Americans are dying. Trump is dithering
First, he didn't test. Now he won't enforce the Defense Production Act.
Photo by Ant Rozetsky on Unsplash
Coronavirus cases in the U.S. have increased more than tenfold in just one week. Yet for some reason, our self-proclaimed “Wartime President” has been remarkably slow to use the Federal Defense Production Act to combat the nation’s growing—and desperate—lack of medical equipment.
For a President whose whole schtick is “Make America Great Again” and who vowed he would restore U.S. manufacturing, this failure, says constitutional law professor Laurence Tribe, is “inexcusable”:
For days, Governors led by New York’s Andrew Cuomo have been publicly begging Trump to do whatever it takes to nationalize production of ventilators and personal protective equipment. As of today, there have already been 17,000 COVID-19 hospitalizations in New York City alone. And the volume is still climbing.
Trump’s lack of leadership means that “the market for medical supplies has descended into chaos.” Meanwhile, even as the public favors a national lockdown, Trump seems more intent to spew lies and happy talk about reopening everything and having “packed churches” by Easter.
Jennifer Senior summed up the mood in New York in a New York Times op-ed published Tuesday and headlined “Trump to New York: Drop Dead”
As Senior wrote:
President Trump is treating each of our 50 states as individual contestants on “The Apprentice” — pitting them against one another for scarce resources, daring them to duke it out — rather than mobilizing a unified national response to a pandemic.
If that’s the case, this is the episode where New York loses.
Trump’s glaring incompetence may seem like more of the stupidity and narcissism he is famous for.
Stupid or Sinister?
Every day, Trump’s failure to manufacture is looking like more than incompetence. It’s becoming as deadly—and sinister—as his failure to test as COVID-19 spread unchecked to all 50 states. It’s looking more like an act of war against America, than the work of a leader committed to protecting his own people.
Yesterday, Trump even admitted out loud that Governors who wanted federal aid from his Administration “have to treat us well too.”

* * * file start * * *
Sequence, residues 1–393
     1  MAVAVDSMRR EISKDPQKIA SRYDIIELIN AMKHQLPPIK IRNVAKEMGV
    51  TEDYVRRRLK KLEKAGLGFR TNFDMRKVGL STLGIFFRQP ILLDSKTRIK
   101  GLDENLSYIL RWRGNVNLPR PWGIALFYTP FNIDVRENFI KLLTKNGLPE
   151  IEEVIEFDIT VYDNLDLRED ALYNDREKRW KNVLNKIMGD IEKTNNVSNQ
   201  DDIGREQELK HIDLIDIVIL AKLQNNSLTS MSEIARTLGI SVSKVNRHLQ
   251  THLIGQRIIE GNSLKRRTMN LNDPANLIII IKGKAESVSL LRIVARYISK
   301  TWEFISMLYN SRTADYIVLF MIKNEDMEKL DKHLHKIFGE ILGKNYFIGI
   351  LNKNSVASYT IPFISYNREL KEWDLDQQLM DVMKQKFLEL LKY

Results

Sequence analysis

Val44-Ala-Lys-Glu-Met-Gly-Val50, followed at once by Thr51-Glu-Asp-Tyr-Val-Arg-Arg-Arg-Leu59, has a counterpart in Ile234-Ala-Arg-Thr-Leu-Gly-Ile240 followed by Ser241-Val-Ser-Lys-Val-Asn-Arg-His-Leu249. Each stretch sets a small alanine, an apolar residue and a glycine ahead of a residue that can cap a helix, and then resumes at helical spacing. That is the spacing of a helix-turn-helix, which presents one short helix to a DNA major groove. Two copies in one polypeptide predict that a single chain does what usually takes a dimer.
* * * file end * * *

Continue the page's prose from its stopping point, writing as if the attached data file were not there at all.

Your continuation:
We know now that Trump was being briefed by intelligence officials about a possible pandemic as early as January—and all through February. In those briefings, it’s hard to imagine that the epidemiologists didn’t present “worst case scenarios” for America’s most international cities.
How much was Trump warned about the international spread of the disease that occurred before he famously “shut down” travel from China?
Was he briefed on how many travelers from China had landed in L.A. and San Francisco?
Was he specifically warned about the possible danger facing New York City, home to the United Nations?
We know that something in the briefings given to Congress spooked GOP Senators Burr and Loeffler enough that they offloaded millions of dollars in shares before the market crashed.
We know that the entire U.N. diplomatic community was warned on March 14 that the virus had spread throughout the city.
Would Trump be responding faster if a GOP-controlled state like Texas, and not New York, was fast becoming the new epicenter of the global pandemic? Or if it were in Florida, where Trump now officially resides? If Republican Governors—and Fox News anchors—were the ones begging for him to act, would he have done so?
These are now legitimate questions, especially given Trump’s sociopathic “they have to treat us well too” comment from just yesterday.
New York has been very mean to Donald Trump in terms of investigating his corrupt business dealings, his morally bankrupt “charity” and in seeking his tax returns.
Is Trump now being mean to NY just because he can?
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